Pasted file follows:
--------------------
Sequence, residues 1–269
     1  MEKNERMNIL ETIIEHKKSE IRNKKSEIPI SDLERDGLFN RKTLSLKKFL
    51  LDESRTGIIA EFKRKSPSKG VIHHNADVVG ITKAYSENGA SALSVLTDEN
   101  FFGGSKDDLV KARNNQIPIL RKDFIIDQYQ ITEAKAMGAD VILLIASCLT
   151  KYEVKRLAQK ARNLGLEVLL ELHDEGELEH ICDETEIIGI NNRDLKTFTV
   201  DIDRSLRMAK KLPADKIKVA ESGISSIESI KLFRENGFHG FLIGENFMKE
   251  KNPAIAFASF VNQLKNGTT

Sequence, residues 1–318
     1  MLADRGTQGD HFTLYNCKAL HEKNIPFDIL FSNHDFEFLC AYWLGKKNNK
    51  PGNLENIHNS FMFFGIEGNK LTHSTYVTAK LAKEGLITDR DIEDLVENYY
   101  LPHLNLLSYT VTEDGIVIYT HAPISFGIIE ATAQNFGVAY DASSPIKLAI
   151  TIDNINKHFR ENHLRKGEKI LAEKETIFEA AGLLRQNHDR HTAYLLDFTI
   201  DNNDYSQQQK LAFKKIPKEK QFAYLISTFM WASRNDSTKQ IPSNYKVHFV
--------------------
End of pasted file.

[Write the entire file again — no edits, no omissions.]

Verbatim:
Sequence, residues 1–269
     1  MEKNERMNIL ETIIEHKKSE IRNKKSEIPI SDLERDGLFN RKTLSLKKFL
    51  LDESRTGIIA EFKRKSPSKG VIHHNADVVG ITKAYSENGA SALSVLTDEN
   101  FFGGSKDDLV KARNNQIPIL RKDFIIDQYQ ITEAKAMGAD VILLIASCLT
   151  KYEVKRLAQK ARNLGLEVLL ELHDEGELEH ICDETEIIGI NNRDLKTFTV
   201  DIDRSLRMAK KLPADKIKVA ESGISSIESI KLFRENGFHG FLIGENFMKE
   251  KNPAIAFASF VNQLKNGTT

Sequence, residues 1–318
     1  MLADRGTQGD HFTLYNCKAL HEKNIPFDIL FSNHDFEFLC AYWLGKKNNK
    51  PGNLENIHNS FMFFGIEGNK LTHSTYVTAK LAKEGLITDR DIEDLVENYY
   101  LPHLNLLSYT VTEDGIVIYT HAPISFGIIE ATAQNFGVAY DASSPIKLAI
   151  TIDNINKHFR ENHLRKGEKI LAEKETIFEA AGLLRQNHDR HTAYLLDFTI
   201  DNNDYSQQQK LAFKKIPKEK QFAYLISTFM WASRNDSTKQ IPSNYKVHFV